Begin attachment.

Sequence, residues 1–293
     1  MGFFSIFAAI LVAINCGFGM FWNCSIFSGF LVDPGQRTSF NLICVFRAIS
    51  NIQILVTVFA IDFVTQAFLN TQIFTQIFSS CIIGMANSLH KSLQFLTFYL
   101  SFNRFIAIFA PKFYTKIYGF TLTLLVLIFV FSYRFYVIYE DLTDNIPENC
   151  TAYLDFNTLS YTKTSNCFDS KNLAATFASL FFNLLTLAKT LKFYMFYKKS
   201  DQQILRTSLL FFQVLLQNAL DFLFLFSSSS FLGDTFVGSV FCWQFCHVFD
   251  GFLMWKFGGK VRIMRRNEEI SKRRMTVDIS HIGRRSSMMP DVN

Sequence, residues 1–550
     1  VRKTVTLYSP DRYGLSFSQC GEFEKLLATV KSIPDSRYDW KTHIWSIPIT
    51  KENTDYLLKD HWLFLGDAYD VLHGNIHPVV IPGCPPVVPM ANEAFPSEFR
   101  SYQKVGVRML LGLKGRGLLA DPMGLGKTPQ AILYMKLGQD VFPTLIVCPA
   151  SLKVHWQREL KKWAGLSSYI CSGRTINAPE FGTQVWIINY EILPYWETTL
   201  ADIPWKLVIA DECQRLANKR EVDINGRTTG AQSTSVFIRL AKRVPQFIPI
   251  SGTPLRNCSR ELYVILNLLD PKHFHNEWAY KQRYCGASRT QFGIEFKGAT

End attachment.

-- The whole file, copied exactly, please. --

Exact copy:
Sequence, residues 1–293
     1  MGFFSIFAAI LVAINCGFGM FWNCSIFSGF LVDPGQRTSF NLICVFRAIS
    51  NIQILVTVFA IDFVTQAFLN TQIFTQIFSS CIIGMANSLH KSLQFLTFYL
   101  SFNRFIAIFA PKFYTKIYGF TLTLLVLIFV FSYRFYVIYE DLTDNIPENC
   151  TAYLDFNTLS YTKTSNCFDS KNLAATFASL FFNLLTLAKT LKFYMFYKKS
   201  DQQILRTSLL FFQVLLQNAL DFLFLFSSSS FLGDTFVGSV FCWQFCHVFD
   251  GFLMWKFGGK VRIMRRNEEI SKRRMTVDIS HIGRRSSMMP DVN

Sequence, residues 1–550
     1  VRKTVTLYSP DRYGLSFSQC GEFEKLLATV KSIPDSRYDW KTHIWSIPIT
    51  KENTDYLLKD HWLFLGDAYD VLHGNIHPVV IPGCPPVVPM ANEAFPSEFR
   101  SYQKVGVRML LGLKGRGLLA DPMGLGKTPQ AILYMKLGQD VFPTLIVCPA
   151  SLKVHWQREL KKWAGLSSYI CSGRTINAPE FGTQVWIINY EILPYWETTL
   201  ADIPWKLVIA DECQRLANKR EVDINGRTTG AQSTSVFIRL AKRVPQFIPI
   251  SGTPLRNCSR ELYVILNLLD PKHFHNEWAY KQRYCGASRT QFGIEFKGAT